3

Yes, you have the right idea. For example, in a linear medium (with electric susceptibility $\chi$ and background polarization $\mathbf{P_0}$), we can write $$\mathbf{D} \equiv \varepsilon_0 \mathbf{E} + \mathbf{P} = \varepsilon_0(1+\chi) \mathbf{E} + \mathbf{P}_0,$$ we can rearrange the macroscopic Maxwell's equations to say: $$\nabla\cdot\mathbf{E} =\frac{\...


2

I think that for this case it is worthwhile to go back to Maxwell. Even before Maxwell had formulated the set of equations that today we know as 'Maxwell's equations' he had already worked out far reaching ramifications. Wikisource has a transcript of the 1861 paper On physical lines of force As we know, Maxwell worked with the supposition of a mediator of ...


2

The angle of refraction is not 90${}^\circ$. The angle between the refracted ray and what would be the reflected ray is 90${}^\circ$. The reason is that the source of reflected light is the polarization of the medium. The direction of the reflected ray is fixed, determined by the direction of the incident ray. Brewster' angle is that incident angle that ...


1

This appears to be a materials issue rather than a pure physics issue, so I will be speculating here. There are two ways to make a more powerful lens: grind it to a greater curvature or use a material with a higher index of refraction. If you use a greater curvature, then the thick part of the lens must be thicker. The lens will have more weight, and the ...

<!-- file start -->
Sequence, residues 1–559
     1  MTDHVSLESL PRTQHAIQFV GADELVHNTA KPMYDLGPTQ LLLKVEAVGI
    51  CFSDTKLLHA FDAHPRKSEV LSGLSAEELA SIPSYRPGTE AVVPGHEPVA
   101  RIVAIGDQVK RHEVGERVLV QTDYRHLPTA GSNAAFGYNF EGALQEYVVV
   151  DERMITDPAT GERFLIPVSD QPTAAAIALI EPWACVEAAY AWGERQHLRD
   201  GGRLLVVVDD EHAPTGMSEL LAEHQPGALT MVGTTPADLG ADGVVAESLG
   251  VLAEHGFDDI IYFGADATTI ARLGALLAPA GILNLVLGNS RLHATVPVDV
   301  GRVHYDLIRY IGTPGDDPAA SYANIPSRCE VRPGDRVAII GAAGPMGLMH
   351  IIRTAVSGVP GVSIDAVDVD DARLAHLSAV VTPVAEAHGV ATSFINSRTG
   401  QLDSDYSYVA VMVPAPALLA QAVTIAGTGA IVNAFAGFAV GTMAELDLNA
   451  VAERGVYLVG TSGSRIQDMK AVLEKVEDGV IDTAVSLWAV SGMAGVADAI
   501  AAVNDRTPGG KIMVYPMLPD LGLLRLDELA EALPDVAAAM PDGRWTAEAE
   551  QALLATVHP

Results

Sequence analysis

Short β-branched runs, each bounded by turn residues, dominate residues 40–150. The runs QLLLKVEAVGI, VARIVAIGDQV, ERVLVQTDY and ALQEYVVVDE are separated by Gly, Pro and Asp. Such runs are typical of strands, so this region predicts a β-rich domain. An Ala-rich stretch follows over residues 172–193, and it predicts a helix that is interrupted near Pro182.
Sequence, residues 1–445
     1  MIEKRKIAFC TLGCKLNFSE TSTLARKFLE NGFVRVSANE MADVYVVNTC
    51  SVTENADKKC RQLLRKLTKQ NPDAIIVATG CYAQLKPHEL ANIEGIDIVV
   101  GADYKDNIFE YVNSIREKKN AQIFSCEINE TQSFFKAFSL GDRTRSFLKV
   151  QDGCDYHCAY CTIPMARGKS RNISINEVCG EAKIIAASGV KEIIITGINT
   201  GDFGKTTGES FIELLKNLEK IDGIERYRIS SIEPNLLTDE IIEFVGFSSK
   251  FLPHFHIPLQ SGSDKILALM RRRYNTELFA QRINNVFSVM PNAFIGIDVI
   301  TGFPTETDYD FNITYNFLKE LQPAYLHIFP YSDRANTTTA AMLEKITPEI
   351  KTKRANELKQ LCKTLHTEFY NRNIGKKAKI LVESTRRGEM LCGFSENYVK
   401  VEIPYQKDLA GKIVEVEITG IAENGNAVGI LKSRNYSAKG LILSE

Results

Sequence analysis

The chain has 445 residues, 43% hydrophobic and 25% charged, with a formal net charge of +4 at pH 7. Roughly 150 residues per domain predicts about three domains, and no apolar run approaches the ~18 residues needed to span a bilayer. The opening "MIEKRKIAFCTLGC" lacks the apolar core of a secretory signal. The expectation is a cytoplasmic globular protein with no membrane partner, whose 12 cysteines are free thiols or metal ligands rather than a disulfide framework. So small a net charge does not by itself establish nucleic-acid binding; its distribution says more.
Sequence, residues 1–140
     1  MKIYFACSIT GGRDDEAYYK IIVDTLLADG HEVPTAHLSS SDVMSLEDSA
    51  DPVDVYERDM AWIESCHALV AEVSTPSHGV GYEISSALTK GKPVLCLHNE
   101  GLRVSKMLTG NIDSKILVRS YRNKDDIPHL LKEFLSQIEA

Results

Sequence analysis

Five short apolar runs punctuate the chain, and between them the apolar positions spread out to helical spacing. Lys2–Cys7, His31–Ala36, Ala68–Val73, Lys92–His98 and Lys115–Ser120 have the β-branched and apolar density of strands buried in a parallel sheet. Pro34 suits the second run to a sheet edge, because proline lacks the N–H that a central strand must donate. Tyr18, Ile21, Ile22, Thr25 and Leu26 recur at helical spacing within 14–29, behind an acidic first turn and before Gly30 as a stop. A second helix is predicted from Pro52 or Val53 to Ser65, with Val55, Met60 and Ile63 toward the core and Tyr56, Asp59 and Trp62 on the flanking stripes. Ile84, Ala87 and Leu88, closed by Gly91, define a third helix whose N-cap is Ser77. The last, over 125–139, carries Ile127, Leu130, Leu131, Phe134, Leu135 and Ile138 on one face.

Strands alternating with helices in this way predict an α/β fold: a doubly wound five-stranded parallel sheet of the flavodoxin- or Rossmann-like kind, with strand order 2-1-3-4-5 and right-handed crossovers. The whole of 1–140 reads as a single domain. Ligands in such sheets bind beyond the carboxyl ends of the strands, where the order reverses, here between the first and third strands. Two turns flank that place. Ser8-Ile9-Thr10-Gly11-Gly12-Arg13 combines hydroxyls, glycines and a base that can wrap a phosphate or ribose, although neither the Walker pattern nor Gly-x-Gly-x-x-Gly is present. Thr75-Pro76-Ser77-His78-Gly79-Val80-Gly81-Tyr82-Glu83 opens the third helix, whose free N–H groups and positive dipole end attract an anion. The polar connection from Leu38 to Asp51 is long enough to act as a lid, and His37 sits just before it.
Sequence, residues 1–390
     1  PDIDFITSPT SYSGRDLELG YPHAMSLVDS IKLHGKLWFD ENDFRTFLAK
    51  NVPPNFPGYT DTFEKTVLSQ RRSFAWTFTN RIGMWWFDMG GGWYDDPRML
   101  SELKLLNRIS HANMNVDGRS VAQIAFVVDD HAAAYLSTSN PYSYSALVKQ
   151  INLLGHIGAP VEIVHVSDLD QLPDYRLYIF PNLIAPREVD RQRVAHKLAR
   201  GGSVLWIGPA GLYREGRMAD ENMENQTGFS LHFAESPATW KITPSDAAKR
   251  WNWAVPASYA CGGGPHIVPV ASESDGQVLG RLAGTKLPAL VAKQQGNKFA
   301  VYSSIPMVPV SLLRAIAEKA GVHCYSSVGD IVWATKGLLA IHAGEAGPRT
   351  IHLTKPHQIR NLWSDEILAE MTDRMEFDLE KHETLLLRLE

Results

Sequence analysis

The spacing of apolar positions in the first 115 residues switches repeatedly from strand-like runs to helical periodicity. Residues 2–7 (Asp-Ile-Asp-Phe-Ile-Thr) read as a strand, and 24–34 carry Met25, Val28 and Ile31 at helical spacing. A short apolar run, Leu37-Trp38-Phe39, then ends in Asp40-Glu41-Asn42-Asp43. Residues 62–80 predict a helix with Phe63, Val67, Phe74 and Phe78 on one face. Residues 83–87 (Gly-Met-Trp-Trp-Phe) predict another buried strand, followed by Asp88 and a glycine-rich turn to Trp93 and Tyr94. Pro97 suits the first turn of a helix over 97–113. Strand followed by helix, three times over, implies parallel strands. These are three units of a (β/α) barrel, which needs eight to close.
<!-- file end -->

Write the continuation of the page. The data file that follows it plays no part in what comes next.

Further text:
1

Sure, light could have a different speed in the same direction; that’s what happens at normal incidence (where there’s no refraction). The thing that’s actually conserved is the in-plane component of momentum, $k_x$. At normal incidence, $k_x=0$ regardless of the refractive index, so there’s no need to refract. But at oblique incidence, without refraction in ...


1

At Brewster's angle there is still reflection of TE polarised light. Also, by Snell's law the angle of reflection equals the angle of incidence (+$\pi$).


1

It was a software bug that purely by accident gave the correct result for the soap plot ($n$ was $\frac{1}{n}$). It seemed strange at first that there was interference with layers of $90 nm$ for blue light waves of $460nm$. But considering that path length is at least twice the thickness depending on angle and optically much longer when $n=2.6$, so at least $...


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